The role of the ‘appropriate adult’: – what schools need to know

This article is reproduced in full from the original published Tuesday 14 June in the Times Educational Supplement.

Thomas Goodenough, Education Lead, Thames Valley VRU

One of the most notable new additions in the updated Keeping Children Safe in Education (KCSIE) guidance that will come into force in September is reminding schools of the need for pupils to have an “appropriate adult” if they are interviewed by the police.

This addition was likely prompted by the recommendations made in the Child Q safeguarding practice review, conducted by the City and Hackney Safeguarding Children Partnership.

This is something that schools should now be looking at with keen interest. But what exactly is an “appropriate adult”, what do they do and how do they navigate balancing the rights of a pupil and the powers of the police?

Safeguarding: what schools need to know about ‘appropriate adults’

Under the Police and Criminal Evidence Act 1984 (PACE), police must ensure that an “appropriate adult” is present to provide support whenever they detain in custody or voluntarily interview anyone who:

For children, this role is usually fulfilled by a parent or family member but it may also be someone provided by the local authority or a professional known to the child.

Given this and the nature of the relationships that teachers and school leaders have with young people, they are often well-placed to fulfil this role in a way that is positive and supportive.

For practical reasons (for example, the time of day or day of the week), family members usually take the role when young people are arrested and formally interviewed at the police station, and school staff most commonly do so for voluntary interviews on school premises.

However, there is nothing to prevent school staff from supporting in this way in the more formal interview setting, and some parents may request this support from trusted teachers or leaders they have formed a relationship with over several years.

In all cases, the police are responsible for ensuring that the person knows they must have someone present and for facilitating this.

At a police station, the person responsible will usually be the custody sergeant and, for voluntary interviews conducted elsewhere, the investigating officer. In all cases, the parent or guardian will be the first person offered or contacted to take the role.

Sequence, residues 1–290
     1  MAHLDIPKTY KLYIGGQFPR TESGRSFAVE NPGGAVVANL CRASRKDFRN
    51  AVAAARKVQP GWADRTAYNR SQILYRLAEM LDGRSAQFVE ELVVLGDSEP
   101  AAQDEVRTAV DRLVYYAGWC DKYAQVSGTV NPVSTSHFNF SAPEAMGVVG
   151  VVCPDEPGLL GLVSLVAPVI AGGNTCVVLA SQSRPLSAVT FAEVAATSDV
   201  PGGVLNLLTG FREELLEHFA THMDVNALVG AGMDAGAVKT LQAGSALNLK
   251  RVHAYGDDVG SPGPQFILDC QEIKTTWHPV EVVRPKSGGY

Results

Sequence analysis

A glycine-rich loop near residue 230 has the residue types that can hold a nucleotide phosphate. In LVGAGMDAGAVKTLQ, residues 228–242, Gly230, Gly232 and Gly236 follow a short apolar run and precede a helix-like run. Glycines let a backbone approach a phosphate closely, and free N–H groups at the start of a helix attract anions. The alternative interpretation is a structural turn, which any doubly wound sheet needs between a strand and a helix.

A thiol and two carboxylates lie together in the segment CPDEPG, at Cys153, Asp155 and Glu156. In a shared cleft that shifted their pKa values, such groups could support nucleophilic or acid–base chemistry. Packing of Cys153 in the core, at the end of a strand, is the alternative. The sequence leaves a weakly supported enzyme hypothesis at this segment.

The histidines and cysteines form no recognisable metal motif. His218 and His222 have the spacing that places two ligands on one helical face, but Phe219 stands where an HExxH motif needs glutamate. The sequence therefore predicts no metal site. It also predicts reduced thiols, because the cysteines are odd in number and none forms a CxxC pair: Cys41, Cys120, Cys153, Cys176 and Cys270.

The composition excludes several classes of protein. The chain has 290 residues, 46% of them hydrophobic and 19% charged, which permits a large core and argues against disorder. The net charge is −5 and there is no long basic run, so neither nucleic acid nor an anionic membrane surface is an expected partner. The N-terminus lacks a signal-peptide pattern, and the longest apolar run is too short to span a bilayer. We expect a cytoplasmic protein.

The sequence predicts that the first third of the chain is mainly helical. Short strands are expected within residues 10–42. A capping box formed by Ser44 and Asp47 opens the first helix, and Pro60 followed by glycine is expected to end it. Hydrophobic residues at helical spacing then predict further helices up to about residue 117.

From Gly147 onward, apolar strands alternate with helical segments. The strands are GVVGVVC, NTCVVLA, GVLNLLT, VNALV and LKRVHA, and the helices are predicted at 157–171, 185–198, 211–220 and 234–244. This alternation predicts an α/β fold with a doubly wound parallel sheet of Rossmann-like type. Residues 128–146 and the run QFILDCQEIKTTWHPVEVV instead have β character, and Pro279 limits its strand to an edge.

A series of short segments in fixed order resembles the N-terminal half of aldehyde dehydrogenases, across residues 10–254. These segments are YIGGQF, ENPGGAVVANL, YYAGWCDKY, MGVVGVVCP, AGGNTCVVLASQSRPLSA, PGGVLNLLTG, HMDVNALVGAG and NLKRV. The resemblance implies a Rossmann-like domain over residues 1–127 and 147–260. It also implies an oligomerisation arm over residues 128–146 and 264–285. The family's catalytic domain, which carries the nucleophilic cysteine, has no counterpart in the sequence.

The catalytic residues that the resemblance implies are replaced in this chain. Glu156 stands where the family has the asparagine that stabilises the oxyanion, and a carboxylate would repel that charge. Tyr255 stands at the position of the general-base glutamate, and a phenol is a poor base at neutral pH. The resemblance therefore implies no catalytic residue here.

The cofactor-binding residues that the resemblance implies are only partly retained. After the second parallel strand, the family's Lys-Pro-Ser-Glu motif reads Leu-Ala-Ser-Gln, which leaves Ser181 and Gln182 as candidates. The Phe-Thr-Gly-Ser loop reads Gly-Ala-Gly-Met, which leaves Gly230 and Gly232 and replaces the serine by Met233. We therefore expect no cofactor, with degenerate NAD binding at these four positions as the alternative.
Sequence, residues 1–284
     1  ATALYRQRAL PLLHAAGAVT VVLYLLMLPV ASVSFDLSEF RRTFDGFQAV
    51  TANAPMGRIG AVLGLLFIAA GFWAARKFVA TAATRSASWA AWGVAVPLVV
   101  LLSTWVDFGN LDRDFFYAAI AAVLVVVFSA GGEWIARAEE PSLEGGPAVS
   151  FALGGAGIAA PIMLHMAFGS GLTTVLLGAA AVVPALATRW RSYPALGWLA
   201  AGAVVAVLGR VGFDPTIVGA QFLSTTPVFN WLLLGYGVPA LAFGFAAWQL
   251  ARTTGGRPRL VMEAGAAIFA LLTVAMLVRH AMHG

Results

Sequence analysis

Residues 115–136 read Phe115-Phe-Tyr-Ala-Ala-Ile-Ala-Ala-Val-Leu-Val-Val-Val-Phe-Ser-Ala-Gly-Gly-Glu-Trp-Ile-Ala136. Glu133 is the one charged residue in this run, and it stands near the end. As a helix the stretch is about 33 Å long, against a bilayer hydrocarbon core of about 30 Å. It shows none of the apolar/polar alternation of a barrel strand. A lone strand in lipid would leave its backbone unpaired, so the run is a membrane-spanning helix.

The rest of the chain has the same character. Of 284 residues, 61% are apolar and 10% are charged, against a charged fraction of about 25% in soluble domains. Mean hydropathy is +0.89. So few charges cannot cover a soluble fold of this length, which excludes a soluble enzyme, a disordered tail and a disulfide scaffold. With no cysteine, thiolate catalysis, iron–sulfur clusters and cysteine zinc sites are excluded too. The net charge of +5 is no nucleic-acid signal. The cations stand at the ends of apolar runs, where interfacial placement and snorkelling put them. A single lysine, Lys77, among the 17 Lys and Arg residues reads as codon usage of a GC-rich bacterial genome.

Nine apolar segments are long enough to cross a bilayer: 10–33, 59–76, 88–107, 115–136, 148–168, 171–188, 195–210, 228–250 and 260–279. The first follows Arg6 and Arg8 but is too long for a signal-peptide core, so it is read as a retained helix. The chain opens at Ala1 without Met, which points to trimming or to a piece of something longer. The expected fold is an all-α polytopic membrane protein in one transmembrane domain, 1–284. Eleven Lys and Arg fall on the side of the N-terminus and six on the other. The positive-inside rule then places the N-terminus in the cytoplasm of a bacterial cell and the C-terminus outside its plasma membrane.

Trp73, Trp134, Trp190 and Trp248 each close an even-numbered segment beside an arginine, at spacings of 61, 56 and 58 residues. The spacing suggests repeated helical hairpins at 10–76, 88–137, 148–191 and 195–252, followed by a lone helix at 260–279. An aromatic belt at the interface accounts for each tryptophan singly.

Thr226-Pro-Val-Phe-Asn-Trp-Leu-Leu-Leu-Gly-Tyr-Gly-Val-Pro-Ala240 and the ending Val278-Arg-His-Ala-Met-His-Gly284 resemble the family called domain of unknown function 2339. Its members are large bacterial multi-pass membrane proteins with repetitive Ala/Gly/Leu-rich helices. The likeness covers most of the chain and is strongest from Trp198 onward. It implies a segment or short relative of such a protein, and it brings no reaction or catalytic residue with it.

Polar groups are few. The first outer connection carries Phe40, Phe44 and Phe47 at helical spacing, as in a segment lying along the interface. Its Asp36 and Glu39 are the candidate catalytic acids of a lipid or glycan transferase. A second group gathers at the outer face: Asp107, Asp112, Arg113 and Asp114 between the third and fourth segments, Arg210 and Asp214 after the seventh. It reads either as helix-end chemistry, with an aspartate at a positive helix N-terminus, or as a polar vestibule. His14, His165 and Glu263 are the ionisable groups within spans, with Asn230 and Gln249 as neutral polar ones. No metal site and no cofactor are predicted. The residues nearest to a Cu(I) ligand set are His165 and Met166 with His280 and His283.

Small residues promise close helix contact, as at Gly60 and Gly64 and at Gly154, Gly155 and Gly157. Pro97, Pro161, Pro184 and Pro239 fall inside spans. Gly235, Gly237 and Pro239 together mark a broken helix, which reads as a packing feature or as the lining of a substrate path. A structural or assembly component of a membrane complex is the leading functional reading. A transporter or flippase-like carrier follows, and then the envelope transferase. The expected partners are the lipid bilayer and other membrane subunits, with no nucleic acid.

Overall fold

However, it is also important that the individual being interviewed knows they do not have to accept someone they are not comfortable with and, as such, people asked to take the role should check to ensure that the young person is content to proceed (or they can request someone they are more comfortable with).  

Interpreting the law  

It’s worth noting, too, that the Act makes no distinction between young people with or without additional needs, and its definition of “vulnerable” is quite different to that which we would recognise in education.

Nonetheless, by ensuring that all children have an “appropriate adult” assigned, young people are, in effect, treated as “vulnerable” in this context simply by virtue of their age/lack of maturity.

It is, however, important to recognise that a relatively high proportion of young people (whether with a diagnosed special educational need or disability or not) will find it very difficult to understand and respond appropriately in such a high-stress, challenging context without considerable support.

The PACE guidance recognises this and states that it may be better for appropriate adults to be professionals with training and experience supporting the person’s needs every day (such as a teacher), as opposed to a familial relation.

For these young people, the presence of someone from school who knows them may be very reassuring and more supportive of their needs.     

Whether the person is a child and/or vulnerable, the role of the “appropriate adult” is the same – to ensure that the rights, entitlements and welfare needs of the person are met. This is likely to involve:

On the final point, it is important to note that the “appropriate adult” cannot provide legal advice and that making the person aware of their rights does not constitute advice on how/when to exercise those rights.

The police have to explain the person’s legal rights, and provide a written notice of them (an “easy read” version is available for people who have difficulty with complex text).

Therefore, while the “appropriate adult” does not need to know these rights in advance, an important aspect of the role is ensuring that the person understands them and conducts themselves accordingly.

For example, detainees/interviewees may not understand they have a right to request a solicitor or legal representative at any interview. Equally, they may not fully understand their right to silence and may benefit from being reminded of this.

Key aspects of the role

Beyond this reiterating/clarifying of rights, there are important practical ways in which “appropriate adults” can support:

For more comprehensive guidance, the National Appropriate Adult Network is an independent charity offering advice and resources.

Tom Goodenough, a former headteacher, is education lead for Thames Valley Violence Reduction Unit